I often wonder what kind of photographer I would have turned out to be had there been Photoshop way back when. Way back when Adobe was a type of house in the Southwest part of the US. What would I have done differently? It’s always a topic talked about with my online students at the BPSOP, and in my “Stretching Your Frame of Mind” workshops I conduct around the planet.
Remembering back when whatever you did in terms of creating a photo that the client would buy, had to be done in the camera because way back when there weren’t personal computers.
The big companies were just starting to use computers, and these giant behemoths I was occasionally sent to photograph took up an entire floor to generate the power that can now be found sitting on my desk in my iMac 27 with 32 GB of RAM, a 4.0 GHz processor, and a three terabyte Fusion hard drive…maybe? Close?
In my opinion, I wouldn’t be near the photographer had I had access to Lightroom, Photoshop, and all the plug-ins that one can find out in the geek-produced/induced digital market. I would have wound up with a sore butt from the hours that would have been needed sitting in front of a computer to achieve what I did in the camera.
In terms of my imagination, and my eye, and always thinking about “coloring outside the lines” these things would not have been any different. It’s using that imagination and my ‘eye’ instead of digital help that I’m talking about. Using the Elements of Visual Design and composition, and being a student of the Light is what made me whatever I am today, and not a computer.
I even know how to focus manually!!!!
Don’t get me wrong, I’m not a purist in any sense of the word. I love Photoshop, and I use it on every photo I take to some extent…why not!! I just personally like the challenge of getting it in the camera.
In the above photo, I was shooting for Rubbermaid outdoor furniture, and had two truck loads of their entire line that followed me down the California coast. We were in Big Sur at the Ventana Inn. Actually, we were on the roof of the Nepenthe restaurant and it was mid day.; not the ideal time to shoot as the light was hot and harsh.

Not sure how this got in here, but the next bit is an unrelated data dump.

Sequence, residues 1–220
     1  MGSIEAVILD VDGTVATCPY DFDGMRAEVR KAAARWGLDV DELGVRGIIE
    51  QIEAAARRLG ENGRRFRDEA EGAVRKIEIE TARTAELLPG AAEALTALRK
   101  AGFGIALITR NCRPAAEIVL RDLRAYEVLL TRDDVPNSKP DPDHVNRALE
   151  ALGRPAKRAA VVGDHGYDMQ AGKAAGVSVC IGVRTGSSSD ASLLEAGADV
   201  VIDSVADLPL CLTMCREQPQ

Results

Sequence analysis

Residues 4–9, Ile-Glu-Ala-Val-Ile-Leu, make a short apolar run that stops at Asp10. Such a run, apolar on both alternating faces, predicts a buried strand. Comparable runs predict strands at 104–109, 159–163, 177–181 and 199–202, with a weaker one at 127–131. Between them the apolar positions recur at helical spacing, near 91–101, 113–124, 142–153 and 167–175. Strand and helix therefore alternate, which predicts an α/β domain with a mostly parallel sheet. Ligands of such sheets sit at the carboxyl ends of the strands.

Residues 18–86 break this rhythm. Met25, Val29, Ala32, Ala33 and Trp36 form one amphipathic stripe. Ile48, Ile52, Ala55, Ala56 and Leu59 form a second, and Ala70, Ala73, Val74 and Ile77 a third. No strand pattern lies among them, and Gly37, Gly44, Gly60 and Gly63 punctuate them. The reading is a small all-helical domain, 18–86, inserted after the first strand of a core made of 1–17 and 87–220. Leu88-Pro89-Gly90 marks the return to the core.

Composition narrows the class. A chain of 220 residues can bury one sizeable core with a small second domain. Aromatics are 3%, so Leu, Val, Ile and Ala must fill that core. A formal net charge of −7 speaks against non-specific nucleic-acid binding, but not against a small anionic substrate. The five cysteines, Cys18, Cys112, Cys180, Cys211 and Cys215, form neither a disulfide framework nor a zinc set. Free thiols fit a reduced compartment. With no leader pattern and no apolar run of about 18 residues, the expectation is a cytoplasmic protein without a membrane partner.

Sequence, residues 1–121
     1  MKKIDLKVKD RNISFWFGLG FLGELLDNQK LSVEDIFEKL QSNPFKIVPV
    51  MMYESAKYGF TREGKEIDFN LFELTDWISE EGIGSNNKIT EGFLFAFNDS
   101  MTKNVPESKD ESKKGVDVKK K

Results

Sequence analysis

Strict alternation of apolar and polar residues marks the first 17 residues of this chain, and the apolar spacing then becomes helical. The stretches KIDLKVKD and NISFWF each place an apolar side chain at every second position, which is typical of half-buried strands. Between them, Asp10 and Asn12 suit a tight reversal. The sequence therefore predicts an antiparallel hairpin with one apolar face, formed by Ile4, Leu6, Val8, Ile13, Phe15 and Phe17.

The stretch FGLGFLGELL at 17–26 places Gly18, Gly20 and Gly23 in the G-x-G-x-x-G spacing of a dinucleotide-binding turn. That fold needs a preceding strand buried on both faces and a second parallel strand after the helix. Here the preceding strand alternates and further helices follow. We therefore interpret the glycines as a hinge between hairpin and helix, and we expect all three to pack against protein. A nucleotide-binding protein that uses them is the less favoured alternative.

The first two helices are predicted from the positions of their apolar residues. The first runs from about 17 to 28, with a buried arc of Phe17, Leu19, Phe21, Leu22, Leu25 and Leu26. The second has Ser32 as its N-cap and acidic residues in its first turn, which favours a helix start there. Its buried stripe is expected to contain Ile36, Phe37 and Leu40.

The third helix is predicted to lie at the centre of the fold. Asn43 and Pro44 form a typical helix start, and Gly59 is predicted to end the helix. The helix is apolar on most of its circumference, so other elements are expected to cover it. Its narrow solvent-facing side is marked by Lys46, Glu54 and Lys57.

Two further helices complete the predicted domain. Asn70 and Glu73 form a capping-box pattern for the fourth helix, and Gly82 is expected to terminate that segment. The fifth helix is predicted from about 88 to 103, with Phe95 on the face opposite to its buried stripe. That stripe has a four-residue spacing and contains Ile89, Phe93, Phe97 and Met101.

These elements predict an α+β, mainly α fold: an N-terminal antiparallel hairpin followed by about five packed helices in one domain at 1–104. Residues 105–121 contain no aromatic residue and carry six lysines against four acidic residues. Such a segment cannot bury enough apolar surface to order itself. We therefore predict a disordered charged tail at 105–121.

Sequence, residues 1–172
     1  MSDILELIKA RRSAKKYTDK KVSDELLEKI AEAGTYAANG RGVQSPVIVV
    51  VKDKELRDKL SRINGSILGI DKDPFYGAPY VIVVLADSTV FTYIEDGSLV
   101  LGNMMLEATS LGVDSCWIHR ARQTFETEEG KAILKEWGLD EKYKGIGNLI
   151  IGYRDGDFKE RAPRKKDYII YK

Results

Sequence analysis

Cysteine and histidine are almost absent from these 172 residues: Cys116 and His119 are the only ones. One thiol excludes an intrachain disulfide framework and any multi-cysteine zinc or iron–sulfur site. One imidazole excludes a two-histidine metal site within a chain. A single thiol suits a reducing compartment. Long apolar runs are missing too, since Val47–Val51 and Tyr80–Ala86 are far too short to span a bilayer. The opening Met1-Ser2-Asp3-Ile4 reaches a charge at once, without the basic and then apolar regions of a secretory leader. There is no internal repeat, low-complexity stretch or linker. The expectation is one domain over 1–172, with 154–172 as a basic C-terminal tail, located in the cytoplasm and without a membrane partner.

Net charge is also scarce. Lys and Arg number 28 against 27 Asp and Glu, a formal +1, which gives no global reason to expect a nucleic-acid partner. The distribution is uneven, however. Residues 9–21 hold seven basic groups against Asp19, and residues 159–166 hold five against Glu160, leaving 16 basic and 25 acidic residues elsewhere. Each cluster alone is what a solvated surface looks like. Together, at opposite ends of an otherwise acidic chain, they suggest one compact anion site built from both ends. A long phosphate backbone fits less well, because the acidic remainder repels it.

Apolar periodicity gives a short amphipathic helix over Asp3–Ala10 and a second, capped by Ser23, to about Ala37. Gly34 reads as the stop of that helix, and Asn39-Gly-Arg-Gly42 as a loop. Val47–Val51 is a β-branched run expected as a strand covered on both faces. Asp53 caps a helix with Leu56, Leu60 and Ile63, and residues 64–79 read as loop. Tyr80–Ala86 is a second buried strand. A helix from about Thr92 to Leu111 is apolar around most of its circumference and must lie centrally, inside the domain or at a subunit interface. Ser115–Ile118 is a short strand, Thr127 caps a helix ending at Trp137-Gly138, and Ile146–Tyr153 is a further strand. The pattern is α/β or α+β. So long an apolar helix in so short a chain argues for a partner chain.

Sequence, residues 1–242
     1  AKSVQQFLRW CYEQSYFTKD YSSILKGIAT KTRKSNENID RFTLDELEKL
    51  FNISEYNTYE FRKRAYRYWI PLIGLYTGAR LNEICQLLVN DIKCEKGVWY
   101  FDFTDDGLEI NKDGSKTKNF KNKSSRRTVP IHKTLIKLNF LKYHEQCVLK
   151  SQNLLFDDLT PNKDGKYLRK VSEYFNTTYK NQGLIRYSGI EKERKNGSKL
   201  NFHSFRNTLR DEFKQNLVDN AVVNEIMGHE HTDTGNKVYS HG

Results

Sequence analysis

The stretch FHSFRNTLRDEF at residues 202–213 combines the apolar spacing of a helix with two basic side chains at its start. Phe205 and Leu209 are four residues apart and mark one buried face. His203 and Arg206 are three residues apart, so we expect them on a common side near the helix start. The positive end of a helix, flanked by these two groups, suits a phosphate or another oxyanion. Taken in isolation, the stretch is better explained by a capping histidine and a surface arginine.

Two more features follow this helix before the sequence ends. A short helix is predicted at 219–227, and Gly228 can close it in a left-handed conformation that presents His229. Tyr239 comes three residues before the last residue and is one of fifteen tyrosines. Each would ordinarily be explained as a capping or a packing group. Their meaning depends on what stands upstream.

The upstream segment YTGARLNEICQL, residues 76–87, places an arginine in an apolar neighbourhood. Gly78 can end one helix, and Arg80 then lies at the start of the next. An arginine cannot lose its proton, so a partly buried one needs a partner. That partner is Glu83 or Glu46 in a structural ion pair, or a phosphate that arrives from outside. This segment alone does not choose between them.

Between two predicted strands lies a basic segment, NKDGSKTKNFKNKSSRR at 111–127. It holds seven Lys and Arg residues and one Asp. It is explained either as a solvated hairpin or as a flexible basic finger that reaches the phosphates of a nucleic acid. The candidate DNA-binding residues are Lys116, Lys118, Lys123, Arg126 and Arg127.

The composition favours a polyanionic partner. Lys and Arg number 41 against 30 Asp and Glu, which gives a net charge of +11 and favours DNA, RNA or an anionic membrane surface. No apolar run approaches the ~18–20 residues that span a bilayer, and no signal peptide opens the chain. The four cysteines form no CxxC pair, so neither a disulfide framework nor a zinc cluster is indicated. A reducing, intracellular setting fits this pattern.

I needed the light to be soft so it might replicate the period of time we were going for; it wasn’t going to happen without help.
If this would have been shoot in the digital age, creating that feeling in front of the computer would have been easy, but it wasn’t. Instead, to get that feeling I set up my 20X20 silk to diffuse the harsh light. coming from a sun that was directly above us. As you can see, this isn’t a small item, and it took an hour and a half just to set it up in the wind.
Think about a 20X20 piece of silk…that’s 400 square feet of sail, and if not tied down correctly on huge stands that were held down with sand bags, it would take my assistants over the ocean and deposit them in really cold water inhabited by things that can eat you…or maybe just play with you until you drown.
The good news is that it wouldn’t take me ( as I would be the only one left) near as long to break down what was left of the set.
Visit my website at: www.joebaraban.com, and check out my 2105 workshop schedule at the top of this blog. come shoot with me sometime. July 26th will be my 27th year at the Maine Media Workshop…the granddaddy of them all. I’ve always picked this week as it’s the week of the Lobster Festival down the road in Rockland. It offers a completely different set of photo ops: color, motion, people, energy, light, and design. A great way to break up photos of the beautiful coastline, fishing villages and lighthouses that Maine is known for.
BTW, happy birthday America…live long and prosper.